July 18, 2008 Friday
Stresa – Orta San Giulio
After breakfast at La Fontana in Stresa, we left most of our luggage in the hotel and drove through Stresa up the face of its sheltering mountain. We could have taken the smooth semicircle along the coast to Orta San Giulio and avoided the 4,263 foot high Mottarone but we wanted to see the forest and the views back down over Lake Maggiore. So we climbed, following the signs to Mottarone and stopping for photos of the lake from ever higher points. When we passed the top it was all downhill the rest of the way. The road to Orta San Giulio was not as well marked as the road to Mottarone so we had to stop and ask for directions from a sorella (sister) and a couple of other hearty mountain walkers; and I think we may have driven through one mountain village’s pedestrian zone. On the way down to Orta we saw lots of older people walking for exercise. It appears people make their living in Milan, then retire up in these hill towns, joining the older generation that has lived up here their whole lives. We also crossed several torrents, on the east side of Mottarone speeding down the mountain into Lake Maggiore or on the west side into Lake Orta. These pure mountain torrents make the two lakes among the cleanest in Europe.
We reached the shoreline of Lake Orta then proceeded farther west on the little peninsula shared by the town of Orta San Giulio and a Franciscan monastery called Sacro Monte di Orto. We got to pass all the tourist parking lots because our destination, Hotel San Rocco, provides parking in the historic center. This is the town Anne and I have chosen to mark our 35th anniversary that was one month and two days ago (we were busy on June 16th flying home – separately – from Croatia so agreed to find someplace beautiful we’d never been to celebrate our anniversary.) So after we checked into our 3rd floor room overlooking the pool by the lake in the former monastery, we went in search of the perfect place for our anniversary dinner, eyes popping at the loveliness of this tiny gem of a town.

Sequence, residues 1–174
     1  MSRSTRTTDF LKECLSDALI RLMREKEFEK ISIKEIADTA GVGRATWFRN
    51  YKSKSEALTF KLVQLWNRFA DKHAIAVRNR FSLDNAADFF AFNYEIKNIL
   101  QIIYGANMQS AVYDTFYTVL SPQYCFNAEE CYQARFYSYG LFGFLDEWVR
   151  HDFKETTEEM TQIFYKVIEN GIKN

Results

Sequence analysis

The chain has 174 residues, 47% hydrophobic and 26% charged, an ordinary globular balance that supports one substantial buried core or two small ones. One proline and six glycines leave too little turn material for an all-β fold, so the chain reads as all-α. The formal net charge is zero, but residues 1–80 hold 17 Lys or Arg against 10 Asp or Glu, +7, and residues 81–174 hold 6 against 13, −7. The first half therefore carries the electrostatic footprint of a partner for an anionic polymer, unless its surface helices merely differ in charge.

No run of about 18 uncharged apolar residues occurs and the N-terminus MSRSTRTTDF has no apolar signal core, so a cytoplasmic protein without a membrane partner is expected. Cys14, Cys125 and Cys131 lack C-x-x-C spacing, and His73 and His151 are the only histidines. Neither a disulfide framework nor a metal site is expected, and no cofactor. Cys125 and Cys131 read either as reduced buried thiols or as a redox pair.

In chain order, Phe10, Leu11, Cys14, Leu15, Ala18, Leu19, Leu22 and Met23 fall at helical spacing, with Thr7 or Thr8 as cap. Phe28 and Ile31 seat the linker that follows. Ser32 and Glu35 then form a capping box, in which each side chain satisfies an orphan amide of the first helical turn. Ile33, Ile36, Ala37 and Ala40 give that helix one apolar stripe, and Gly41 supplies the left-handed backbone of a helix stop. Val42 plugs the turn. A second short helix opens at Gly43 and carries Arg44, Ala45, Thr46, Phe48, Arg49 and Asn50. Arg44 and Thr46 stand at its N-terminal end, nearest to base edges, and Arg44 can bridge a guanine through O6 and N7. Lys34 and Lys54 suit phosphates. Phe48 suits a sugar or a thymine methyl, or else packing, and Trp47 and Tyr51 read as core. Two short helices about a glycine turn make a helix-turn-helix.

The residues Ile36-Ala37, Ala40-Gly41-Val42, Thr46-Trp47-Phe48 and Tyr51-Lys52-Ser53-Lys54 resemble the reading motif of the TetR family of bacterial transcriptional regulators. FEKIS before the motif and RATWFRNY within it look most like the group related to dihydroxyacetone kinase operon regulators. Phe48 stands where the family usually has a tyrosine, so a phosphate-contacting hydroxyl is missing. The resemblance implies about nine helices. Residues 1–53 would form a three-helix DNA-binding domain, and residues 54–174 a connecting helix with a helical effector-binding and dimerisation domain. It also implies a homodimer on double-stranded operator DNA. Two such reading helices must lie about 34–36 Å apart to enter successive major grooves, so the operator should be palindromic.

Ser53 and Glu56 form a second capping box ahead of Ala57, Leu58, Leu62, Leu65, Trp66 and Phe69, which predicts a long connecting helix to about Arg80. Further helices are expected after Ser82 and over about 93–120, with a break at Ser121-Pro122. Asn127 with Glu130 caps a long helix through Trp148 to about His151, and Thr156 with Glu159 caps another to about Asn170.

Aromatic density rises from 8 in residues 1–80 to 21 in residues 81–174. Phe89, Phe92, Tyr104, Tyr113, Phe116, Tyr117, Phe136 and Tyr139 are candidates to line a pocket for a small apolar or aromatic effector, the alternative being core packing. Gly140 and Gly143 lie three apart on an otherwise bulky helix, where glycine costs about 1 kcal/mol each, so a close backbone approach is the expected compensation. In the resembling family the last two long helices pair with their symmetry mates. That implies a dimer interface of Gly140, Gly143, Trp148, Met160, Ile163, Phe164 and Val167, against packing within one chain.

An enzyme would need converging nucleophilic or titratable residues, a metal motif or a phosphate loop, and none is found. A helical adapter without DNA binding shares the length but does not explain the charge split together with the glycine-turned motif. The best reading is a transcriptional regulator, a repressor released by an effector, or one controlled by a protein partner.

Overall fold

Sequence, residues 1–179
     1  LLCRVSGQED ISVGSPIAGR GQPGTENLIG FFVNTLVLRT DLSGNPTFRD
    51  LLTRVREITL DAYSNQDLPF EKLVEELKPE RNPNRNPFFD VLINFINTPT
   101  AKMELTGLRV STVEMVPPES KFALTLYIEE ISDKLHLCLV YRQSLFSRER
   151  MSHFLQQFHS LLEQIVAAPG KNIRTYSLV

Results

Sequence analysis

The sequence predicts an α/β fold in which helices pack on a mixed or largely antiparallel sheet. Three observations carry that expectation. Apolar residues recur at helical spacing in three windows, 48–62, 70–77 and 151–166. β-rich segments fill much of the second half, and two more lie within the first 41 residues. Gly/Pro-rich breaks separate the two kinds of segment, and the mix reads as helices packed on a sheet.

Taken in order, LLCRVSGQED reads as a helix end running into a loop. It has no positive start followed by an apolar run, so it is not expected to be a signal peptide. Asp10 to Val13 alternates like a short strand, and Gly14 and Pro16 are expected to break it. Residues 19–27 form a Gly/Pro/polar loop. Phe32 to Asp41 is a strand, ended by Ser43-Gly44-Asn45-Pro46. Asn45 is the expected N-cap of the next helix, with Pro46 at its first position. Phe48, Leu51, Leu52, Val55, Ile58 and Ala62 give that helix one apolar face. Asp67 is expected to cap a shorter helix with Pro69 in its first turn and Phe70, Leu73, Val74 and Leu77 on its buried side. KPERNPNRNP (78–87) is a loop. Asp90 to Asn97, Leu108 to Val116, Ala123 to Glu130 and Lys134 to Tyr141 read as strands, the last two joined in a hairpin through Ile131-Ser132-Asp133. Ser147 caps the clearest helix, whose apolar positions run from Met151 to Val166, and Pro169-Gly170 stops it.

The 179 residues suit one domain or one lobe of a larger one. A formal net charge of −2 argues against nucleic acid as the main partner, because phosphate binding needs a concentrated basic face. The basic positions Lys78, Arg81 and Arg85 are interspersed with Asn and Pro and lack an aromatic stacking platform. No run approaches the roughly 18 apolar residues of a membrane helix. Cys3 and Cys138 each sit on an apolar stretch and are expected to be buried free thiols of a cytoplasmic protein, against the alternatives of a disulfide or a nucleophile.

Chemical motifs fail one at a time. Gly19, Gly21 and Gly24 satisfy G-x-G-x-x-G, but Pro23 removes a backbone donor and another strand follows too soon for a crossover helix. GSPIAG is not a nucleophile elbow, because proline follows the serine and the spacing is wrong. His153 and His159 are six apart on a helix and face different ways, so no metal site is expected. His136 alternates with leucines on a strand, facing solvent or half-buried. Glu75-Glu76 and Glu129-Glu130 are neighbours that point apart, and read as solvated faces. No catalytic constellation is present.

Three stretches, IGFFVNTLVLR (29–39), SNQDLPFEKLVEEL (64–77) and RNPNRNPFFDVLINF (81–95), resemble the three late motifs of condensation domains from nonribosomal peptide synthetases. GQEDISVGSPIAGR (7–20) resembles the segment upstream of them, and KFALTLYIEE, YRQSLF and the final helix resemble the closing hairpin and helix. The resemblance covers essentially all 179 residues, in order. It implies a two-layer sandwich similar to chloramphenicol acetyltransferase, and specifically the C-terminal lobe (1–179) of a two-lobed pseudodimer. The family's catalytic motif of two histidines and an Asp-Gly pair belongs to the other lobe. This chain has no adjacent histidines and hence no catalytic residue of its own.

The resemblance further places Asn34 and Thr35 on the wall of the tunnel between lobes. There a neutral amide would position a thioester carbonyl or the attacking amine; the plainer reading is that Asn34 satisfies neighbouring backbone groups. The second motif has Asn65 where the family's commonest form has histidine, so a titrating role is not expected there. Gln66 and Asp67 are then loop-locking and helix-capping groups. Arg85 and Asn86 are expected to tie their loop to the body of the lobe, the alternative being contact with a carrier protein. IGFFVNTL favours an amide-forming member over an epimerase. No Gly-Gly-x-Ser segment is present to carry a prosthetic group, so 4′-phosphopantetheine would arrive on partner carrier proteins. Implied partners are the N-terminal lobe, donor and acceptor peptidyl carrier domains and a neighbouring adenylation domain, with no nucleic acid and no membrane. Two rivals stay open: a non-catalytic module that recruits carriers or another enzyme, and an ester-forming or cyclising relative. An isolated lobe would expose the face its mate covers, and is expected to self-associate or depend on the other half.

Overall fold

We settled on the Antico Agnello and asked to reserve the only outdoor table on a tiny balcony overlooking the main walking street through town.
It was already reserved but since we told the head waiter it was our 35th anniversary celebration, he reserved for us the table beside the door going out to the balcony.
Continuing to stroll, we peek down lake side stone ramps, curious as to what new views will delight us.
For lunch we disregarded the authenticity of the food and went for the upscale restaurant (Leon d’Oro) built out over the lake so we could watch the small ferries going back and forth to the nearby Isola San Giulio and speeding across the lake to the town of Pella.
Under their shady grape arbor, seated right on the water, we had terrific breads, a huge drum of superb tuna carpaccio with orange cream sauce, and a plate of prosciutto and melon.
The island, Isola San Giulio, about 200 meters from shore has an almost irresistible draw. It’s so close and even from our lunch table’s vantage point we can see its buildings and lanes just must be explored. The view from here is dreamily peaceful and unbelievably beautiful; we were torn between sitting here all
afternoon in bliss and going out to experience the town on foot. The waiters decided for us, so we went strolling alongside our new favorite of the Italian lakes. Though no movie star has a palazzo on this lake; and though there are no grand hotels lining its shores, and though we’d only barely heard of it before we went searching for a place we’d never been, we’re smitten with this town and its little lake.
In a village full of beautifully restored buildings, we notice a tumble-down ruin ripe for restoration – any one in the market??
A bit of rain drove us under the piazza’s center- piece, a frescoed loggia built in the
There’s a display under the arches highlighting the massive modern sculpture of Arnaldo Pomodoro, pointing out the several places in town where his work is on display.
We learned that he and his more famous brother (whose work is displayed in our Washington DC Hirschorn Sculptu
re Garden) produce similar works.
When it cleared up we walked some more, past more postcard- worthy frescoed and slate-roofed lovelies, then went back to the room at the Hotel San Rocco and enjoyed the view of the lake from there.
At the Antico Agnello it’s time for the big celebration to begin!
With a big smile, the head waiter takes us all the way out to the table for two on the balcony. Someone must have cancelled so he put us at the table we’d requested earlier. With the mostly quiet main pedestrian street below and thick wisteria overhead, we were glad we waited for just the right time and place for our anniversary dinner. Anne had a rabbit pate and penne with rosemary, garlic, tomato and pancetta and I had rare thin sliced duck breast on a bed of lettuce with chives, tagliatelli with duck ragu, and a whole perch from the lake with butter and crispy sage leaves.
We topped off the meal with panna cotta – similar to flan but richer – with plenty of dark caramelized sugar sauce. We’re really glad that after 35 years, we’re still able to spend extended 24-hour days together and love every minute. Thank God for giving Anne the grace to live with me!